That means event logs can no longer be trusted to give a full view of what is happening in the AD. The only way to do this is at the object level in the AD database, which is precisely what Alsid achieves. Moreover, Alsid includes all new updates when new toxic configurations are released so they can be detected at the AD object level. Simply put, the attacker cannot hide.

5. Does the AD security vendor proactively identify dangerous AD misconfiguration attack pathways out of the box?

Recall the car-and-driver analogy. Similarly, built-in anticipation within an AD security platform provides several benefits that can increase the likelihood of breaking potential attack pathways. Built-in anticipation is focused on delivering a proactive approach to AD security, rather than the reactive method that is used by the vast majority of solutions claiming to cater to AD.

The most common way AD gets hacked today is through misconfigurations in the AD software being used to escalate privilege or propagate ransomware. Therefore, the most effective method to secure AD is to continuously detect and remediate dangerous configurations as soon as possible when they appear on the AD. Alsid provides security teams with this powerful advantage.

AD is constantly evolving, with potentially hundreds of changes occurring in AD every minute. Any of these changes could open your AD to adversaries, such as:

  • AD backdooring techniques – i.e. AdminSDProp modification
  • AD credential dumping techniques – i.e. Kerberoasting attack

Alsid quickly and simply enables proactive, comprehensive AD security to continuously harden the AD, including GPOs. As attacks on AD are using dangerous AD misconfigurations, the ability to detect and remediate new misconfigurations before they can be weaponized is key. Detecting them after the fact has little value.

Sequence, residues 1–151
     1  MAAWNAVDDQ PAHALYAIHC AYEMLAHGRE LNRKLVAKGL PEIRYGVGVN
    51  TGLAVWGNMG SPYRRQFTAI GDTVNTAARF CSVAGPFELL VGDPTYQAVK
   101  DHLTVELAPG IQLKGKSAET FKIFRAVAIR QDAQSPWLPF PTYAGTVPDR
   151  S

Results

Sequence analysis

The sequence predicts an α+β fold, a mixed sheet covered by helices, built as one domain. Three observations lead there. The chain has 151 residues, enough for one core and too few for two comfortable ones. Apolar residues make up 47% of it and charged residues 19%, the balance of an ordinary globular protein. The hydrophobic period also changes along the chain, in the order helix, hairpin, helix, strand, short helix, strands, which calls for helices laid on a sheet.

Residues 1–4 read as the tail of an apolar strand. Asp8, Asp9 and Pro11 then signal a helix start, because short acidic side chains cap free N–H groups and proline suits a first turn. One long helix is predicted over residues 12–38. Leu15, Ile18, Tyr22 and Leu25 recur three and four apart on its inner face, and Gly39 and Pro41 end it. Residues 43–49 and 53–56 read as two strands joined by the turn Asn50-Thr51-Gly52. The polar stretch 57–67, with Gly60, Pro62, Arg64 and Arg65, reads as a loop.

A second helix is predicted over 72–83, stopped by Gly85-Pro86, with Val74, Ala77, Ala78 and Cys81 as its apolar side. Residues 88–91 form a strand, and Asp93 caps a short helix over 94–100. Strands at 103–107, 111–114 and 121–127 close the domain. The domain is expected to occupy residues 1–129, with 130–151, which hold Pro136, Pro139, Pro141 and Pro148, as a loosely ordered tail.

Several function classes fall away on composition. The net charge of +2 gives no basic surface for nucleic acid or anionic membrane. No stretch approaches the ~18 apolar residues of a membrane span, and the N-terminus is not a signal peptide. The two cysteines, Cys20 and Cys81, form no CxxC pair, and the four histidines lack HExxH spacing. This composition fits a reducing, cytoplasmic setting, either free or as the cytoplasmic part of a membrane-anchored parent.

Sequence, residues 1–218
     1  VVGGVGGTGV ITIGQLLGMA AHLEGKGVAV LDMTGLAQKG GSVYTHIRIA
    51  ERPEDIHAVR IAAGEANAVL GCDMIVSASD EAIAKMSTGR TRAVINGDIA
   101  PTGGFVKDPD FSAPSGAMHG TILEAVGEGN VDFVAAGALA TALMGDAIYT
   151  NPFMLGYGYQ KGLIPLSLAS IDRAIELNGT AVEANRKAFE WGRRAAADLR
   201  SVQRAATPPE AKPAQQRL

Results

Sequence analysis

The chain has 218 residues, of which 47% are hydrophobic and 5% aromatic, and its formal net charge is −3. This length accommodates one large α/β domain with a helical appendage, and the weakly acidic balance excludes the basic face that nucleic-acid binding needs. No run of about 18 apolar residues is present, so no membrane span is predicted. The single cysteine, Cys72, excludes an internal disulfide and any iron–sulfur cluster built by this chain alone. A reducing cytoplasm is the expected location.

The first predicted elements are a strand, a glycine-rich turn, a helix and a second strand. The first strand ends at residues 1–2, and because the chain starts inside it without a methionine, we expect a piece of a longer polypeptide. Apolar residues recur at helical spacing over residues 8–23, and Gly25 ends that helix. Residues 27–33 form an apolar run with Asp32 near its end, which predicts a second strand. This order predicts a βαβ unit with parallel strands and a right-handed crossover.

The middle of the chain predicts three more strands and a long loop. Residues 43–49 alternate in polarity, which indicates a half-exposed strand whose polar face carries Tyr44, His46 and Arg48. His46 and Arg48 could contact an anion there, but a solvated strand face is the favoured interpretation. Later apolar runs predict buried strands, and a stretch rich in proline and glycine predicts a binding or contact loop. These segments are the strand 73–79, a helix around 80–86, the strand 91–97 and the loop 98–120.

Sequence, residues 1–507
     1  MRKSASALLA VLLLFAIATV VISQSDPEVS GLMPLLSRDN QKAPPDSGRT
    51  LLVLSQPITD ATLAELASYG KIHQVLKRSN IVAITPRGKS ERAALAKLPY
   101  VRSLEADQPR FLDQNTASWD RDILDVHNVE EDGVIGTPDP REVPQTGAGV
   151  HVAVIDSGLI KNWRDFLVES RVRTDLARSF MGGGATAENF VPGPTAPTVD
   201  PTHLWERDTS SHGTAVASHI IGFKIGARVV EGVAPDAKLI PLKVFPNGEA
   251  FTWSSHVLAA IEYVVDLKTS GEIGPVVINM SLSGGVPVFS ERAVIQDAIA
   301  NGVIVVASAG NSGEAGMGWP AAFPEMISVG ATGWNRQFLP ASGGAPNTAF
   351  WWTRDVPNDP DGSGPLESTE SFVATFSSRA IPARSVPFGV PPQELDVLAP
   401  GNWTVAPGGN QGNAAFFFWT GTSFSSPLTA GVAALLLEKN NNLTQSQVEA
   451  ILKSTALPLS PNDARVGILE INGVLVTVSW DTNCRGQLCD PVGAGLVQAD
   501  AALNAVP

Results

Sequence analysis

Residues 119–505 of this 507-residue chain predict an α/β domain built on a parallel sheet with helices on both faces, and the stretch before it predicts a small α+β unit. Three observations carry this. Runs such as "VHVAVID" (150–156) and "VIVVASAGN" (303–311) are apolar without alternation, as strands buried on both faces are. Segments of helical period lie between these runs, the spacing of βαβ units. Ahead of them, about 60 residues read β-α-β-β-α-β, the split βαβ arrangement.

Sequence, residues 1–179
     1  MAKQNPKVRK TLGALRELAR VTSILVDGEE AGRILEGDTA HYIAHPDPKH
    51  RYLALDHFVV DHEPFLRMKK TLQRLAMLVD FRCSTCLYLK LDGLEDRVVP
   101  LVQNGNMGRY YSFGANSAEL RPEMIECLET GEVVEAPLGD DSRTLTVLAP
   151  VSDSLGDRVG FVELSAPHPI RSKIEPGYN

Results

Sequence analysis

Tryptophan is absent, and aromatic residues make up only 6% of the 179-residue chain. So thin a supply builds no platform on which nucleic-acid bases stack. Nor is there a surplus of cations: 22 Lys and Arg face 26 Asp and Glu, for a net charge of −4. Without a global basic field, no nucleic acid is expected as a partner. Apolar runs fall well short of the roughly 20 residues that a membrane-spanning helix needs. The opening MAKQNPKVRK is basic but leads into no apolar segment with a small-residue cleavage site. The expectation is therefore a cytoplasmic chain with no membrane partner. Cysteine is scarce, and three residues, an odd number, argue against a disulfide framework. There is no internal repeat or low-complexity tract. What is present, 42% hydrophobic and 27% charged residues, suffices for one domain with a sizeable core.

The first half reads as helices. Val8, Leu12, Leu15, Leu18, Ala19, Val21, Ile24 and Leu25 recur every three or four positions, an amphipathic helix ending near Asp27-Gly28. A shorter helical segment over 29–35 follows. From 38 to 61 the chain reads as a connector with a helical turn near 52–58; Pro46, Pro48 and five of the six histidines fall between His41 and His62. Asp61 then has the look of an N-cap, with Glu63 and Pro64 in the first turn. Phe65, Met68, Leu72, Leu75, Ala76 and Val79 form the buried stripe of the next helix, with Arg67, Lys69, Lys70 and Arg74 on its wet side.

With Alsid, you can continue to detect the most complex AD attacks without draining your security team’s resources.

6. Can the AD security vendor provide in-context AD security information in real time?

It is not enough to simply display the specific deviance for an AD object, as this view provides limited ‘global’ information. This data will not reveal where the specific problem is coming from.

An incriminating object needs a detailed, accurate explanation of the security issue and, where relevant, to show how multiple security issues related to each deviant object. You should be allowed to individually select each separate security problem from one specific object and action it independently. Coupled with the detailed information explaining how to fix these complex AD security issues, Alsid clients are empowered to proactively harden their AD.

Alsid enables continuous detection and remediation at an AD object level through:

  1. In-depth, real-time explanation of each detected AD security event – what it is and why it is dangerous
  2. In-depth, real-time explanation of how to fix each detected AD security event

By detecting the AD attack pathway misconfigurations, attacks like Pass-The-Hash, GoldenTicket, DCShadow, and DCSync can be stopped before they even begin.

7. Does the AD security vendor detect advanced AD attacks in real time—out of the box?

From a detection viewpoint, cyberattacks are becoming more complex. While the types of attacks are diverse and numerous, there are specific attack types that primarily target the Active Directory.